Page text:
I am an RN student and I would like to know what the nurses who care for you could do to better help you? I'm anxious to get your feedback! Please reply!
Hello, I am intrigued by your questioning and have watched for several weeks to see that no one has responded, so...I have been through every avilable treatment over the past 14 years. I have the experience from both an outpatient and inpatient view. Inpatient...a good nurse was an advocate for me, from finding out where my meal was to making sure my labs were drawn. At night, patients are trying to sleep, while staff is having their "daytime" schedule. Respect the need for quiet and work with a flashlight or use the bathroom light to keep the disruption to a minimum for the patient. Read the patient's chart before speaking to them...know who and what they have gone through before you speak to them.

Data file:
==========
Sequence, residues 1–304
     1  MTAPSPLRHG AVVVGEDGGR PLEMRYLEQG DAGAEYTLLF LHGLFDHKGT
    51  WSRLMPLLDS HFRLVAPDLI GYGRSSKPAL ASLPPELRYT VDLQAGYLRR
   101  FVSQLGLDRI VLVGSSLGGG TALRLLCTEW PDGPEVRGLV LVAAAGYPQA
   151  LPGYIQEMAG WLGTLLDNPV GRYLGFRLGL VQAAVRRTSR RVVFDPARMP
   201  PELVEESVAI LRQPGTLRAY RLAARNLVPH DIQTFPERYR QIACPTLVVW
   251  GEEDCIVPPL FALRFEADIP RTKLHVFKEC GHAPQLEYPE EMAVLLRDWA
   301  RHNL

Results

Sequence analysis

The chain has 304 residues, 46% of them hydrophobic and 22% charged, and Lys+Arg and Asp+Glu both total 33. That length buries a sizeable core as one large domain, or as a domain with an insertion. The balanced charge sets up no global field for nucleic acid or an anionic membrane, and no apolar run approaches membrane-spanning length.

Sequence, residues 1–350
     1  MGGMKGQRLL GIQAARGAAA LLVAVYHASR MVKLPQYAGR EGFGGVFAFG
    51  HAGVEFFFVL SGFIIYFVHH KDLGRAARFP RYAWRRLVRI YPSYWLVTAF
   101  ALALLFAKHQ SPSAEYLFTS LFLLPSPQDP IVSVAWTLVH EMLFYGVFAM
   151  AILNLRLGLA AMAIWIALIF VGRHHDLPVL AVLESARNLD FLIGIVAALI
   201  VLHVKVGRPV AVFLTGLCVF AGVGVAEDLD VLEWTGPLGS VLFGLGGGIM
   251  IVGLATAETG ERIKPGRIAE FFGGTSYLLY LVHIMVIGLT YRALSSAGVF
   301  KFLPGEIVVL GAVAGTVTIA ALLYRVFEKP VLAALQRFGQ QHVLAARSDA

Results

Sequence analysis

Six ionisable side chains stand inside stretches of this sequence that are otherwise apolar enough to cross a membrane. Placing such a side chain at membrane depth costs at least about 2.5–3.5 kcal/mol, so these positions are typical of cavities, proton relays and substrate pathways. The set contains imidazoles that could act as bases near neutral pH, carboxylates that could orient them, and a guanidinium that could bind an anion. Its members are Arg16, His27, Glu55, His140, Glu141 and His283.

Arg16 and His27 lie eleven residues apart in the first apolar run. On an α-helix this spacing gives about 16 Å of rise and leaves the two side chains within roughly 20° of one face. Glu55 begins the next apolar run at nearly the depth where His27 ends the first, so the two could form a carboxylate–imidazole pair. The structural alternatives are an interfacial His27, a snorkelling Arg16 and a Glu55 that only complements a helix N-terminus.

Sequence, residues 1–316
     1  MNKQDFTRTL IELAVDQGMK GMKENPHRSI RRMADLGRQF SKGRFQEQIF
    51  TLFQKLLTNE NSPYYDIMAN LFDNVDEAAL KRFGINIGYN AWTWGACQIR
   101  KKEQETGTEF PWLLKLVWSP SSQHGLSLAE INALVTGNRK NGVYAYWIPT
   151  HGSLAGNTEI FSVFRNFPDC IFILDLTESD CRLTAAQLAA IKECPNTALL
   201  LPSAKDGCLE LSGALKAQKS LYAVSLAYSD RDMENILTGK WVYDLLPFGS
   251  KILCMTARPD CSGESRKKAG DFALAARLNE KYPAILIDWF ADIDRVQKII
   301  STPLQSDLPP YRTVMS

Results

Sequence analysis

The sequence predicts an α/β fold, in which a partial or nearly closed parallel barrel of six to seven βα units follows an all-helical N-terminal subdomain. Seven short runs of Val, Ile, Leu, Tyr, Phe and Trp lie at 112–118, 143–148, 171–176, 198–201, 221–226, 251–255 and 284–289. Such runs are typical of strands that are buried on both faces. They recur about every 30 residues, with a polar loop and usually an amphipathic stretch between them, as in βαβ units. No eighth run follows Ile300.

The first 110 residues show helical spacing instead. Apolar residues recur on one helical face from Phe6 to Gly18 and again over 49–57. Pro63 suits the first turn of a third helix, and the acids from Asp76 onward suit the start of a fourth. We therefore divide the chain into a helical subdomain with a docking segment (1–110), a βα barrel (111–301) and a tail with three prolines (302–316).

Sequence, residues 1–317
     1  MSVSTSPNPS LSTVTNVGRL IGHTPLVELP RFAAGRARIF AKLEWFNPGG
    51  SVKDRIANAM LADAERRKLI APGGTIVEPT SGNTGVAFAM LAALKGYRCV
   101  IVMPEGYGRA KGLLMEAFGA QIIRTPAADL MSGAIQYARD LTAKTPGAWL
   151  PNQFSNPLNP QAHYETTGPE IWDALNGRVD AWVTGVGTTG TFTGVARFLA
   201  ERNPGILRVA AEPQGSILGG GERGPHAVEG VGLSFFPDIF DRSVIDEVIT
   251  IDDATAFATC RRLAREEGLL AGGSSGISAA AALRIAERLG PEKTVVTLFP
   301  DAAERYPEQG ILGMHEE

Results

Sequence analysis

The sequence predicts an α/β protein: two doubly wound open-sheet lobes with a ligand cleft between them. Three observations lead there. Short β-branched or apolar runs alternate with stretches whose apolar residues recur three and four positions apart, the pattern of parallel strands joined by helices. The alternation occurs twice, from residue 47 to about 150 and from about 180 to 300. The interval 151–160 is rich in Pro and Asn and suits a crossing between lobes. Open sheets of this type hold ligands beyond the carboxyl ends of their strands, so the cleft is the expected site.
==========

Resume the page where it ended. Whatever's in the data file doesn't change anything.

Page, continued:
Always repect their privacy, from you and other staff, their family and friends, and other patients. Do not speak to them in a hallway or clinic waiting room. Try to work with a positive attitude, harder than it sounds, as we all have our problems and bad days, but some of the best nurses I have ever had, were able to come to work focused on helping their patients and were upbeat and pleasant to have around. Hope this was helpful. Good luck.
Nurses need to read the charts of their cancer patients..in depth. All patients are not the same, nor are their cancers. Don't just review th "doctor's notes.." know your patient and his or her disease intimately.
If you have questions...ASK!!
My son was diagnosed with angiosarcoma..rapidly agressive, rapidly fatal cancer. The nurses on the oncology floor were not "versed" in what to look for..what to expect, and how to effectively treat a patient with angiosarcoma..very rare.
All that took place was "taking vitals.." no knowledge or perception of what propolatic (sp) care was required to ease his symptoms, and on and on.
Please ensure you are adequately educated to treat your patients.